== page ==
I’ve written 3 pantos on my own and collaborated on another 3 so 6 altogether! Not that it gets any easier. It probably gets harder if anything because you find yourself constantly trying to do things you’ve not done before. With panto that’s especially hard as there are a really strict set of expectations that everyone has so sometimes you just have to give in and repeat some stuff!

Do you enjoy watching pantomimes as well as writing them?
Before I’d appeared in or written any panto, I think I’d only seen one and couldn’t really remember much about it! Bizarrely it was an Encore panto from years ago – ‘Goldilocks and the 3 Bears’ – that my nan and granddad took me to see at Castleford Civic Centre. If I’m honest, I probably wouldn’t choose to go and watch pantomimes, not yet anyway. I’ve got 2 young children so when they’re a bit older we’ll definitely go. I think, believe it or not, I still find it a little bit weird that you get to shout things out and join in – despite the fact it’s absolutely what we want the audience to do when we’re on stage! If I did go, the main reason I’d join in would be because I know how hard it is to be up there trying to get the audience to do it!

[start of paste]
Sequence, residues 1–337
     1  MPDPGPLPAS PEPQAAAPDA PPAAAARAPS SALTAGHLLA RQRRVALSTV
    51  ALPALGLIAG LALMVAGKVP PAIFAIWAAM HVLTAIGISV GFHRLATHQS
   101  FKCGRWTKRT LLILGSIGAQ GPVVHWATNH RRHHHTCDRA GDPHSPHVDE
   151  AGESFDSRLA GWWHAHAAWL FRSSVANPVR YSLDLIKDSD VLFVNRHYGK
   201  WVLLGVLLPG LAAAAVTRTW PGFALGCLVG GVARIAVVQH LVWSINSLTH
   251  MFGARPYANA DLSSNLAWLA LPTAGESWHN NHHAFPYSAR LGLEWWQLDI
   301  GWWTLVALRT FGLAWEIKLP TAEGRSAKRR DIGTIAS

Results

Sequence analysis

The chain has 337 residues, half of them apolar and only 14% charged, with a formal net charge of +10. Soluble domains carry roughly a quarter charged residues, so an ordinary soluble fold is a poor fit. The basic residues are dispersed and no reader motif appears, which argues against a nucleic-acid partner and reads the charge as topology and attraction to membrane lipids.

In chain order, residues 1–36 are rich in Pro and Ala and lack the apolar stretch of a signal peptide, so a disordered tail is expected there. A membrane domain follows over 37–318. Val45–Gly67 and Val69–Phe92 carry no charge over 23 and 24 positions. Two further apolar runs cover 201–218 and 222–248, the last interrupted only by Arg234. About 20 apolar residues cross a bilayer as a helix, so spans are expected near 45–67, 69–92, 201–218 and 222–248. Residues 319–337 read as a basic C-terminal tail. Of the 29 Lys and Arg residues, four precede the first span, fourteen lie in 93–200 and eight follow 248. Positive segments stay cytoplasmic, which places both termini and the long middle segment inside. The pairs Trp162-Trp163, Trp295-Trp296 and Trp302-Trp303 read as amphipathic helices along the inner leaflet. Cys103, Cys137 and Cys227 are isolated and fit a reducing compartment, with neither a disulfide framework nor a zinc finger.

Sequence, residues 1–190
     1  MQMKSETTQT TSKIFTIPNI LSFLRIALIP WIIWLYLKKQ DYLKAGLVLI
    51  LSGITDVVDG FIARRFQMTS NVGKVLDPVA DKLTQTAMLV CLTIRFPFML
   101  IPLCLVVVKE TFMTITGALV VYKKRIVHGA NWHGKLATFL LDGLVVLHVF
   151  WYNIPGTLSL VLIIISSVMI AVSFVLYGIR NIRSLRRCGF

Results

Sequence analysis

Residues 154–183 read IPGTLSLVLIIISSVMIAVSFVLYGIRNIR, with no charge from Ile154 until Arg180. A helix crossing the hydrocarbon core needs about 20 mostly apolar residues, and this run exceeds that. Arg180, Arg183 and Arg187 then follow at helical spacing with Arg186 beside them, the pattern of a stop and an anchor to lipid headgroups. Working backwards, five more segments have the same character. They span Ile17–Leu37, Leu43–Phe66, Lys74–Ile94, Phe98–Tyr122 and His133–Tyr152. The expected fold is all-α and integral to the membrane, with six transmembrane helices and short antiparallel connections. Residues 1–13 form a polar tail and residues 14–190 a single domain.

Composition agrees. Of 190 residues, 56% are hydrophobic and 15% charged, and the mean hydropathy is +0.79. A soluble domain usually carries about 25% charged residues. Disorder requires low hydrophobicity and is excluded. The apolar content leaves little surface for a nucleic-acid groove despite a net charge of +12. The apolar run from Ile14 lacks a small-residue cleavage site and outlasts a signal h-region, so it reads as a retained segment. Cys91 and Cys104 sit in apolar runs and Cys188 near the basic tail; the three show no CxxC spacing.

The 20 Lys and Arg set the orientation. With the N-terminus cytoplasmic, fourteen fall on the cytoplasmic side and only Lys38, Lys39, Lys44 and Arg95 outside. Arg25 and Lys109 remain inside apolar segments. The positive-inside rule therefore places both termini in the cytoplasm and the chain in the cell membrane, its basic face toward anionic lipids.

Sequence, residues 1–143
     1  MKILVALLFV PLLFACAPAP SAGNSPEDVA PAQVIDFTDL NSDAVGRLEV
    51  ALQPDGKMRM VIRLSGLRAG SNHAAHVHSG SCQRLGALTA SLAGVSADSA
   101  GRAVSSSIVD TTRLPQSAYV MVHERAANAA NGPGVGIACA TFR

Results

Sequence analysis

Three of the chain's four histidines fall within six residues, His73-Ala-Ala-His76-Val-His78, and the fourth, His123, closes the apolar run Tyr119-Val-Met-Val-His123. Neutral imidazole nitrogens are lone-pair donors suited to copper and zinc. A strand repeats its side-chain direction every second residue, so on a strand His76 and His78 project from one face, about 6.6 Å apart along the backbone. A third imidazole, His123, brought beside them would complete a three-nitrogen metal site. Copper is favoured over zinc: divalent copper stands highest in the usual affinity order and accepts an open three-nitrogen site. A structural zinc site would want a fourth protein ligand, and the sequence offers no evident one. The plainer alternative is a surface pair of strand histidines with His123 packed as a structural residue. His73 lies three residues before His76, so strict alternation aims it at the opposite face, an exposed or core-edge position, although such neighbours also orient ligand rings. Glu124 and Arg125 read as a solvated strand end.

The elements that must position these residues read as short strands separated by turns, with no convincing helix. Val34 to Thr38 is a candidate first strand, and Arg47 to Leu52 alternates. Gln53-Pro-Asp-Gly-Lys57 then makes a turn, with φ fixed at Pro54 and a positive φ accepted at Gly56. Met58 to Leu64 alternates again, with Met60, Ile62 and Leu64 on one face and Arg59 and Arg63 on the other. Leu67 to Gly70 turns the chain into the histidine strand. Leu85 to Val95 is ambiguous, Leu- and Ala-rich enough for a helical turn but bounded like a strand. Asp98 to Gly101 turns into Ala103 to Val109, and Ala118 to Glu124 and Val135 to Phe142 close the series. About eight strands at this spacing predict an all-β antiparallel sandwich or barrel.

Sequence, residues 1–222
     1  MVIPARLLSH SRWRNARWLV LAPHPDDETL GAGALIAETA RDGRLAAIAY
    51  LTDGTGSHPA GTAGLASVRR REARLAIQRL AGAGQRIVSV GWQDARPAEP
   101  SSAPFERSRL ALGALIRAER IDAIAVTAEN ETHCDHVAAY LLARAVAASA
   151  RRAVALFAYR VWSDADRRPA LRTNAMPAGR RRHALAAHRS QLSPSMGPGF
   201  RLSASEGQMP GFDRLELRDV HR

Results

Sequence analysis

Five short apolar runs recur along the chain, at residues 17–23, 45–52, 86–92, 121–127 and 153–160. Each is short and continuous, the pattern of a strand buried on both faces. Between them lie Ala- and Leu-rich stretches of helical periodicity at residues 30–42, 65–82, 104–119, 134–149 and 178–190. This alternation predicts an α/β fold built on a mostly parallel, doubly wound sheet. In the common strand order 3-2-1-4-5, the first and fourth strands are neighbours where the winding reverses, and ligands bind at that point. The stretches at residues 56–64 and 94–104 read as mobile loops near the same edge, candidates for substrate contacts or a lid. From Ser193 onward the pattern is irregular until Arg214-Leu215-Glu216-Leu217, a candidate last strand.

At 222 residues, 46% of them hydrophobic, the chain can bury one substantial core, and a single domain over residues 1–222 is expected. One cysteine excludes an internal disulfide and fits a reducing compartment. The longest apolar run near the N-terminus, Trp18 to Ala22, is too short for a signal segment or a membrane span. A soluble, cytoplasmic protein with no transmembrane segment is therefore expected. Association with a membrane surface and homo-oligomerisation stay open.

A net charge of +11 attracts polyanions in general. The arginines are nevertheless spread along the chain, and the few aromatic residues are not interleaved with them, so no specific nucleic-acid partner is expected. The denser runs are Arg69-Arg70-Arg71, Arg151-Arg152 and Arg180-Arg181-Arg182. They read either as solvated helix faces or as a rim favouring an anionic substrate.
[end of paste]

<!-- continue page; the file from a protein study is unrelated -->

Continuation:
How long did it take to write Sleeping Beauty?
The script actually came together really quickly. I’ve got to be honest and say that Andy is a far more disciplined writer than I am and he had a huge amount of the script together before I even contributed anything. We sat down initially to block out scenes and work out the shape of the script and then Andy fleshed out the bulk of the scenes and the dialogue. It was then a case of sitting down with each other to tidy some scenes up. From start to finish, including embarrassingly large chunks of inactivity from me, I’d say it was about 2-3 months.

Did you have any disagreements while writing?